by Jeff Strite

This content is part of a series.

The Greatest Gift (4 of 4)
Series: All You Need Is Love
Jeff Strite
I Corinthians 13:8-13

Kids learn quickly. But they see life and love from their own point of view. Asked what the thought about “falling in love” several children gave these answers:
• Tom, age 5 - Once I’m in kindergarten, I’m going to find me a wife.
• Glenn, 7 - If falling love is anything like learning how to spell, I don’t want to do it. It takes too long.
• Kenny, age 7 - It gives me a headache to think about that stuff. I’m just a kid. I don’t need that kind of trouble.
• Regina, age 10 - I’m not rushing into love. I’m finding fourth grade hard enough.
• Angie, 10 - Most men are brainless, so you might have to try more than once to find a live one.
• Dave, age 8 - Love will find you, even if you are trying to hide from it. I’ve been trying to hide from it since I was five, but the girls keep finding me.
• Manuel, age 8 - I think you’re supposed to get shot with an arrow or something, but the rest of it isn’t supposed to be painful.

That’s how children view love.
But when Paul talked about love to the church at Corinth, he wrote: When I was a child, I spoke like a child, I thought like a child, I reasoned like a child. But when I grew up… I put away childish things.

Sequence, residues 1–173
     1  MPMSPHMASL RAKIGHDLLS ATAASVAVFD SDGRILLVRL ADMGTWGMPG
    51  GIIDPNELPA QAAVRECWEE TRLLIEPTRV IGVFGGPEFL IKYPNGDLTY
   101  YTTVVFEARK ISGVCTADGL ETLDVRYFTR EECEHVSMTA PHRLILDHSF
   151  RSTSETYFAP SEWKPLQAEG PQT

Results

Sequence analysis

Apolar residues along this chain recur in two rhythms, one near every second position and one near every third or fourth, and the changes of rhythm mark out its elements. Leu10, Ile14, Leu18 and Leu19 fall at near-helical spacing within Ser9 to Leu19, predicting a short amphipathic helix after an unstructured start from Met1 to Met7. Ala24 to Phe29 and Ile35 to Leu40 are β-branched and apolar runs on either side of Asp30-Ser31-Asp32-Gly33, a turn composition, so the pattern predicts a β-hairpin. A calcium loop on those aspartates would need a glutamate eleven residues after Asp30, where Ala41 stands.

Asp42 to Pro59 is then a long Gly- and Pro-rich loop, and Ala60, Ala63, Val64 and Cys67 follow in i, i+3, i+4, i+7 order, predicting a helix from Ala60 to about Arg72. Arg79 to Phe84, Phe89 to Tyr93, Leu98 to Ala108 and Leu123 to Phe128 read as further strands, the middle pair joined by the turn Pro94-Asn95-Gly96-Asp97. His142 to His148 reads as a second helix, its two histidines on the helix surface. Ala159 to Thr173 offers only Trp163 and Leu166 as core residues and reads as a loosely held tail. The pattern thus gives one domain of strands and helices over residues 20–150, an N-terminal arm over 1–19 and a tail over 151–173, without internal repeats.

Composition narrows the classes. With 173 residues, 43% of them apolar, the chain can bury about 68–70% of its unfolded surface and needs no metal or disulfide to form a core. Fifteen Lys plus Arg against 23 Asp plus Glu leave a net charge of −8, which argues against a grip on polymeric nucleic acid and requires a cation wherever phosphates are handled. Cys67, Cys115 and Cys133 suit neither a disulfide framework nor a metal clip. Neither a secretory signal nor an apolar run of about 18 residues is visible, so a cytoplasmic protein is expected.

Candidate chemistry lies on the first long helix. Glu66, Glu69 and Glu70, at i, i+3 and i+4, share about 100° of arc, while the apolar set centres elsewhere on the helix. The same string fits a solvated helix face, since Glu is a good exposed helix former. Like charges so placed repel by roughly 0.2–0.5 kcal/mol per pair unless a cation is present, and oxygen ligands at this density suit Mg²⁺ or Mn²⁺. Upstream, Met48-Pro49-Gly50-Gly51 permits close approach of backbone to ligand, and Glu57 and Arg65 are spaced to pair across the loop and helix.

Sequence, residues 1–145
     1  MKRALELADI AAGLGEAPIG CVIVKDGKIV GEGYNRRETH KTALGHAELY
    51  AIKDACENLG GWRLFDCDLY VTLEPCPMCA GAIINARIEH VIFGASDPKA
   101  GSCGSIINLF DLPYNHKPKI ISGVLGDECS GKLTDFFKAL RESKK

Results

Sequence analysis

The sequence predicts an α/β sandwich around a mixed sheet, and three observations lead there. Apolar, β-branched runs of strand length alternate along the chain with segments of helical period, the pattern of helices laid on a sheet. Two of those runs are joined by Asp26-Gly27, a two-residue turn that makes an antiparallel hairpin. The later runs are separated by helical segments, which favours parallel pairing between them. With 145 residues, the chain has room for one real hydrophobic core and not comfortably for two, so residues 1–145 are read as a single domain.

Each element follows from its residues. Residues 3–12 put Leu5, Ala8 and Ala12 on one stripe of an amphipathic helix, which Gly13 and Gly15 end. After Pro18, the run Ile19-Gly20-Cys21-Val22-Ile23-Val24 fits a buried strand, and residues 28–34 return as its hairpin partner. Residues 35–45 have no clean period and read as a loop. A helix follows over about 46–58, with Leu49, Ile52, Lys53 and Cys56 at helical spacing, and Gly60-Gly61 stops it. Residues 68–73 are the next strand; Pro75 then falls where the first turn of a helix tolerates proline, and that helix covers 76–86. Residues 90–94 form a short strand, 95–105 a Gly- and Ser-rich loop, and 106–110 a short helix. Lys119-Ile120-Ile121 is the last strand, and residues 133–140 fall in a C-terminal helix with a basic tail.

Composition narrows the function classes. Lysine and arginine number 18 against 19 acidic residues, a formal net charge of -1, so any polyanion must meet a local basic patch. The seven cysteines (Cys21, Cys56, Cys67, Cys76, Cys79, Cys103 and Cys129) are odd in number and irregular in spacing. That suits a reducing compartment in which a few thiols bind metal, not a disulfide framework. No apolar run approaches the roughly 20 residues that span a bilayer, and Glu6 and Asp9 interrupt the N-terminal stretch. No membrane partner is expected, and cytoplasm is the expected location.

At most weddings - when I Corinthians 13 is quoted– folks tend to leave that verse out. It just doesn’t sound… romantic. In fact, some might wonder why Paul even put that expression in the middle of such a powerful chapter on love.

Most folks don’t realize Paul didn’t write this chapter for wedding ceremonies.
Paul wrote this chapter for a church.
A church that didn’t understand what love was all about.
A church that was speaking like a child/ thinking like a child/ reasoning like a child.

For those of you that haven’t heard the previous sermons in this series, Corinth was a church that wasn’t a very loving place to be. They didn’t treat each other very nicely on occasion. They argued about all kind ...

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